Abstract

Editor-in-Chief Ron Driggers discusses the founding of the Integrated Photonics Manufacturing Initiative.

© 2015 Optical Society of America

Congratulations to the Research Foundation of the State University of New York (RF SUNY,) winner of the United States Integrated Photonics Industrial Manufacturing Initiative (IP-IMI) established in July 2015.

Vince Lombardi once said, “Show me a good loser, and I’ll show you a loser.” Well, Mr. Lombardi, meet Ron Driggers! I was the Chief Technologist on the University of Central Florida’s bid for the IP-IMI. Fortunately, I consider myself a good loser. In fact, I think we are all winners with the awarding of the IP-IMI to the public-private partnership led by RF SUNY.

The Advanced Manufacturing National Program Office gives the following background on the National Network of Manufacturing Initiatives: “In September 2013, the President launched the Advanced Manufacturing Partnership Steering Committee 2.0 (AMP 2.0). AMP 2.0 was a renewed, cross-sector, national effort to secure U.S. leadership in the emerging technologies that will create high-quality manufacturing jobs and enhance America’s global competitiveness… In his 2013 and 2014 State of the Union Addresses, the President called for the creation of a Nationwide Network for Manufacturing Innovation (NNMI) to scale up advanced manufacturing technologies and processes. He asked Congress to authorize investment—to be matched by private and nonfederal funds to create an initial network of up to 15 institutes.”

The competition for IP-IMI proposals was announced in October 2014 and the selection process produced three finalists. The Research Foundation for the State University of New York (RF SUNY), the University of Central Florida and the University of Southern California led multi-institutional consortia of universities, companies and nonprofits. All three groups provided formidable proposals and site visits, but ultimately RF SUNY won the competition. The hub location is in New York, and it will have 96 member institutions. The federal funding amount is $110 million over five years and the nonfederal contributions will exceed $500 million.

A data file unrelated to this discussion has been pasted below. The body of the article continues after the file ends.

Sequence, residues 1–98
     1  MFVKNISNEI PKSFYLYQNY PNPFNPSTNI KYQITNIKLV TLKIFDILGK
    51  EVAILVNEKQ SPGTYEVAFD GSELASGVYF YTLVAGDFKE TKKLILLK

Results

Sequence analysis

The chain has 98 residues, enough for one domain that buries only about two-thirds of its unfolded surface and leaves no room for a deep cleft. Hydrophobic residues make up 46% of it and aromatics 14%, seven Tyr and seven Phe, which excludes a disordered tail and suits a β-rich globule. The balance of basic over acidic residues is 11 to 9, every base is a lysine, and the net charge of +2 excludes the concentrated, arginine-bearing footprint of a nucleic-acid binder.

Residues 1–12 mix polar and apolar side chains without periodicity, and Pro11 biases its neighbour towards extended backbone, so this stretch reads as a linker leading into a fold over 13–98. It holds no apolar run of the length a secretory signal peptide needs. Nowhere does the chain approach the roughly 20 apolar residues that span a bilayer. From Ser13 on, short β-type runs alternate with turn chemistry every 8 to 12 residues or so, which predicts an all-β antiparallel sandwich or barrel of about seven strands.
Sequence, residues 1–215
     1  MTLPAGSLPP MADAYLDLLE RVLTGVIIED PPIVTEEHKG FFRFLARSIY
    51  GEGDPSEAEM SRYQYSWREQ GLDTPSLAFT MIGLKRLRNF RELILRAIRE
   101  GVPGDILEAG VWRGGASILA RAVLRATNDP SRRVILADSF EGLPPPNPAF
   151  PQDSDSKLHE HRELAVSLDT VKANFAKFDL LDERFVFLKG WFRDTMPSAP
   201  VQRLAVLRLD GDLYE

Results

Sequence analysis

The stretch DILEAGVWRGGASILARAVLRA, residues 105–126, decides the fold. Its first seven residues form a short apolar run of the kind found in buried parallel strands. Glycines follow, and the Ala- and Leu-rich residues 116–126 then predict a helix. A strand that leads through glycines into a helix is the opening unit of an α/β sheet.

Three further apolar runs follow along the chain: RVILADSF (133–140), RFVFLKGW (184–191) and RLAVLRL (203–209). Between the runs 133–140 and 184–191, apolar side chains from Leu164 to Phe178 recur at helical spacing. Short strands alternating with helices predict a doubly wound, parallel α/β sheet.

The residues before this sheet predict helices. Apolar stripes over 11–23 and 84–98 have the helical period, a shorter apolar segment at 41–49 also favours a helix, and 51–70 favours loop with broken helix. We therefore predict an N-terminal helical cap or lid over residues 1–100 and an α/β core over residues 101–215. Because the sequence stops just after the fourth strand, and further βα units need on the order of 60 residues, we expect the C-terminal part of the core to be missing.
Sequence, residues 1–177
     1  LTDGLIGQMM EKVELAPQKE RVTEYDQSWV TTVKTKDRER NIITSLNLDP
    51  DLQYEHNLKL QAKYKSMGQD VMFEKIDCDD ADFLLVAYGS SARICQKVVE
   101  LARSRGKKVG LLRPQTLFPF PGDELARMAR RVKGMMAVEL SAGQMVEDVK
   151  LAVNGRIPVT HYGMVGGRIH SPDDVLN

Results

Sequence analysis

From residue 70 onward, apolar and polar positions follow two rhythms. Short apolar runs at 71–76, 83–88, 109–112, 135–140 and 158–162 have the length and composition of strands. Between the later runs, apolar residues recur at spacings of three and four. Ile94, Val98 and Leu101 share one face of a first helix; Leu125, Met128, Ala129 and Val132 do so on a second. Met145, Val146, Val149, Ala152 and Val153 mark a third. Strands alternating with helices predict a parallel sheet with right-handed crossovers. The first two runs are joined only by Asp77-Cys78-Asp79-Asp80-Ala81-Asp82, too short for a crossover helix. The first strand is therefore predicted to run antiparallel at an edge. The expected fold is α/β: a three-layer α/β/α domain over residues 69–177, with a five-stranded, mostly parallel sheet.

According to the Advanced Manufacturing National Program Office, the IP-IMI is “focused on developing an end-to-end integrated photonics ecosystem in the U.S., including domestic foundry access, integrated design tools, automated packaging, assembly and test, and workforce development. The Institute will develop and demonstrate innovative manufacturing technologies for:

  • • Ultra-high-speed transmission of signals for the internet and telecommunications
  • • New high-performance information-processing systems and computing
  • • Compact sensor applications enabling dramatic medical advances in diagnostics and treatment
  • • Multi-sensor applications including urban navigation, free space optical communications and quantum information sciences
  • • Other diverse military applications including electronic warfare, analog RF sensing, communications, and chemical/biological detection”

The IP-IMI provides those of us who work in US industry, academia, and government with opportunities that were not previously available, and it will stimulate progress in photonic devices, packaging, and manufacturing. And this doesn’t just benefit the US—advances in photonic devices in the US also encourage development in the rest of the world, so ultimately, we all win.

In addition to congratulating the consortium led by RF SUNY, I would also like to thank UCF and USC for participating, as their competition provided for a much better result. In particular, I would like to thank UCF (B. Saleh, W. Schoenfeld, M. J. Soileau, and M. Macedonia) for inviting me and my small company to participate.

Billie Joe Armstrong of Green Day once said, “There’s nothing wrong with being a loser, it just depends how good you are at it.” So maybe losing out this time around was good practice for me!

Well done, RF SUNY!

Ron Driggers
Editor-in-Chief, Applied Optics

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